Structuring the Input in Language Processing, Acquisition and Change (SILPAC) is a Research Unit of the Deutsche Forschungsgemeinschaft (DFG, FOR 5157) funded for four years (2022-).
See the DFG database entry and the DFG press release.
Starting in 2022, 8 research projects in 5 German universities and Mercator Fellow Charles Yang (University of Pennsylvania) will create structures of interdisciplinary linguistic research in which researchers specialised in the two fields of historical linguistics (H) and psycholinguistics (P) closely collaborate with the goal of providing an empirically and theoretically well-grounded explanation of the links between language processing, acquisition and change, informed by mathematical modelling (M).
We assume that changes in language processing in the individual, which are consequences of changes in the structure of the input, have a potential for lasting change via intergenerational transmission in acquisition. Hence, research in SILPAC is anchored in the structure of the input and sees psycholinguistics as the ‘missing link’ in theories of language change. SILPAC is premised on the working hypothesis that the processes and mechanisms of change at the individual level and at the speech community level are fundamentally similar or even identical.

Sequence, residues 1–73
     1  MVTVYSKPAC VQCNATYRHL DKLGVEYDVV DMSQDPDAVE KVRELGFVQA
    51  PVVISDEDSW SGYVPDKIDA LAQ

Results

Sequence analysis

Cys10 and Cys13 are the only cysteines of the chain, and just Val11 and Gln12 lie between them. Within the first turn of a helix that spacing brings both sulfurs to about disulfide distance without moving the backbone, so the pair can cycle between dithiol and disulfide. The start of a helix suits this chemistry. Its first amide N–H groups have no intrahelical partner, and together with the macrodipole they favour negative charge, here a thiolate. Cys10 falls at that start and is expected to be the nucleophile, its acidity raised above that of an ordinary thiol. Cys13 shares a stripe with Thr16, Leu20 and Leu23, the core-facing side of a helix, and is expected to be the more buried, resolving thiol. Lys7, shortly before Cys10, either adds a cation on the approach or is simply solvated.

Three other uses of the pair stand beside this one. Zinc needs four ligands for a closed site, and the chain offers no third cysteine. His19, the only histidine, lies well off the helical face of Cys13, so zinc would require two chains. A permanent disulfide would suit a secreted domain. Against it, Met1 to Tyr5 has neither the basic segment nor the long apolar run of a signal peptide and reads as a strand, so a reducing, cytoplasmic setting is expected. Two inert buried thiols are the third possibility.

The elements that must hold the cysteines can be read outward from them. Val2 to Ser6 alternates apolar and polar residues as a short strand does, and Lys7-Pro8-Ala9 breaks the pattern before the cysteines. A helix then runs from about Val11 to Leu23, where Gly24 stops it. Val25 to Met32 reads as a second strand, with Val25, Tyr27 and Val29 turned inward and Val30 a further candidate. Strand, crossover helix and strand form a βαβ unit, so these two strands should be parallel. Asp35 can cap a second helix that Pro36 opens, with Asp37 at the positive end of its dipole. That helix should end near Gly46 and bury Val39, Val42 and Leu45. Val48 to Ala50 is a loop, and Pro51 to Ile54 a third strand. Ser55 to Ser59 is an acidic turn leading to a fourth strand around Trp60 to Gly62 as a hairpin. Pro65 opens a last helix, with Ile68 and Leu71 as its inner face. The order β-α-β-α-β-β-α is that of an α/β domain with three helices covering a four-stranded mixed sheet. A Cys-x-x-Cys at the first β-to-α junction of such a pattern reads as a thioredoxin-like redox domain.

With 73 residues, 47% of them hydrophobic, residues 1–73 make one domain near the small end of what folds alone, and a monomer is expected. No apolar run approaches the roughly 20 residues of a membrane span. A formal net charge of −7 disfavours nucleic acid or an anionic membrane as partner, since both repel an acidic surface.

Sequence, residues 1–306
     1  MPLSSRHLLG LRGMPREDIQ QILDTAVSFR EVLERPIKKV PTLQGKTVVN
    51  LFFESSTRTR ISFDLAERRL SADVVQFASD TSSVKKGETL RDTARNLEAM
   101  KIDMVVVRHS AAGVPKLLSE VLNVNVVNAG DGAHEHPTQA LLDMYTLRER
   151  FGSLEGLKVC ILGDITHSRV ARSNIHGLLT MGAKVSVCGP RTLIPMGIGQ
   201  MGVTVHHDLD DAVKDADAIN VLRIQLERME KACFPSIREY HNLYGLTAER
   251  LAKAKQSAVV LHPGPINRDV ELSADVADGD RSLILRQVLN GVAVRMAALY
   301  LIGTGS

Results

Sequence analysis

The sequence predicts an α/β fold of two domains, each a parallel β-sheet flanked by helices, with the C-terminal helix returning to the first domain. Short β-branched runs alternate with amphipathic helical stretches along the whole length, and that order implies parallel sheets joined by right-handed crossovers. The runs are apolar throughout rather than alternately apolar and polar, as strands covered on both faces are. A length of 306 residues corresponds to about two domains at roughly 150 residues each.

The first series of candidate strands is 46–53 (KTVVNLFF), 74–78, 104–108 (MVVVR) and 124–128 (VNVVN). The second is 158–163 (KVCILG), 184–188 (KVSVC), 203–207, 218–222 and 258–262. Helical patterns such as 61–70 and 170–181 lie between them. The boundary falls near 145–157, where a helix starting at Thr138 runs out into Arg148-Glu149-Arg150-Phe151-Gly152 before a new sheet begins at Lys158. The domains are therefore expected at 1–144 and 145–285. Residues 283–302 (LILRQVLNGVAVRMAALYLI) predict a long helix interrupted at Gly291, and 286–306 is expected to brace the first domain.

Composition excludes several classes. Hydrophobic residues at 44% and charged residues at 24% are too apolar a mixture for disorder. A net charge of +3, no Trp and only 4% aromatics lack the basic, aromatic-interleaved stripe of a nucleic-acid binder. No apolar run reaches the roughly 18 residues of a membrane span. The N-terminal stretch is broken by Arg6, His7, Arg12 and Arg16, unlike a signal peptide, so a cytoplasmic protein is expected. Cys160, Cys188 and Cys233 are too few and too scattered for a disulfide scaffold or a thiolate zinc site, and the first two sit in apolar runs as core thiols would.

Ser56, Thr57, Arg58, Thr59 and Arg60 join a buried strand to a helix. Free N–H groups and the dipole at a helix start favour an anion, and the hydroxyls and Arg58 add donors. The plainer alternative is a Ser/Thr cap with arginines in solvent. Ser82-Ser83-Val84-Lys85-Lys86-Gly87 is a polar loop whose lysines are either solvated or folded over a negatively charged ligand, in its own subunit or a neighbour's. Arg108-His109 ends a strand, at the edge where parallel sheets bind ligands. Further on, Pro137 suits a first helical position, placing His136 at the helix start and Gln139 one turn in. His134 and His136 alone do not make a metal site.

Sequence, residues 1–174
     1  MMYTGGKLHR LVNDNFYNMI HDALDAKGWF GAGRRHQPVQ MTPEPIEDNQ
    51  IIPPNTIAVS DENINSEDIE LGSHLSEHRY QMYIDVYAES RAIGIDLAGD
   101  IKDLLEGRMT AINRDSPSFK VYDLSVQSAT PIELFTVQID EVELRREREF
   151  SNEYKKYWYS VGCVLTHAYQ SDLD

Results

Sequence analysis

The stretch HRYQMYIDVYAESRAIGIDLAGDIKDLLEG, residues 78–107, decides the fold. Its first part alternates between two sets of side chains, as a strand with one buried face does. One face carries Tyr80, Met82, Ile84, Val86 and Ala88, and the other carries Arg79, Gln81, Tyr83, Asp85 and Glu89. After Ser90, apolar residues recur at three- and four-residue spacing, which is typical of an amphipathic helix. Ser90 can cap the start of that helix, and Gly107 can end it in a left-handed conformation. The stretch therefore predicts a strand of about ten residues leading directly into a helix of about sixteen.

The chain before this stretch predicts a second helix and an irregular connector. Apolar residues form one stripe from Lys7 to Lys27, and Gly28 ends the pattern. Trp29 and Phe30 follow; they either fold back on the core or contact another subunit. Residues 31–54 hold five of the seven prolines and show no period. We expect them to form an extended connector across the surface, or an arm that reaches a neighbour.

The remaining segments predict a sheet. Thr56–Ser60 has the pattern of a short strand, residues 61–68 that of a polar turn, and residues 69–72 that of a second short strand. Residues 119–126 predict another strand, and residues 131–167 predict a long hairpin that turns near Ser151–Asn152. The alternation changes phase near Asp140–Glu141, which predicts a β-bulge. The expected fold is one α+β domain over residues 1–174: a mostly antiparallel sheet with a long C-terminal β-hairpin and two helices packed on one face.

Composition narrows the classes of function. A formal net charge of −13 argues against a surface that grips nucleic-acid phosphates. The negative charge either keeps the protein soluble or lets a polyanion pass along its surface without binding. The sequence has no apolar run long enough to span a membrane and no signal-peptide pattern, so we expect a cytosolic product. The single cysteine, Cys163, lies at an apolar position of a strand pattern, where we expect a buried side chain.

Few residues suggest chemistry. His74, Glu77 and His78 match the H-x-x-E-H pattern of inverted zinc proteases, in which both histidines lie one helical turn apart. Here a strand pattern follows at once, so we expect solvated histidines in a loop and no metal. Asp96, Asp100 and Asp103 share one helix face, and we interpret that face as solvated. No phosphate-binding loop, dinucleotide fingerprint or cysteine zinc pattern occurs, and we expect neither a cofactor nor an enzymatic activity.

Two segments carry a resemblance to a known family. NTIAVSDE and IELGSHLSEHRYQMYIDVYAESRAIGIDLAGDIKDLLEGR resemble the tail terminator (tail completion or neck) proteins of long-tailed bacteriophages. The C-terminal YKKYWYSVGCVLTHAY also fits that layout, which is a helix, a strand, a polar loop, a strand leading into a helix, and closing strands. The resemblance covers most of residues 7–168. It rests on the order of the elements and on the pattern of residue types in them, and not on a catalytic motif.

From this assumption, two approaches to the combined study of change and processing follow.
First, in the individual projects historical linguists and psycholinguists study change with complementary methods, working with historical texts and lab-based experiments, respectively.
Second, in project P4 and the Project Bridges (PB), historical linguists and psycholinguists study change using comparable methods, applying, e.g. priming and adaptation as mechanisms of learning and change to the same phenomena in historical texts and in experiments.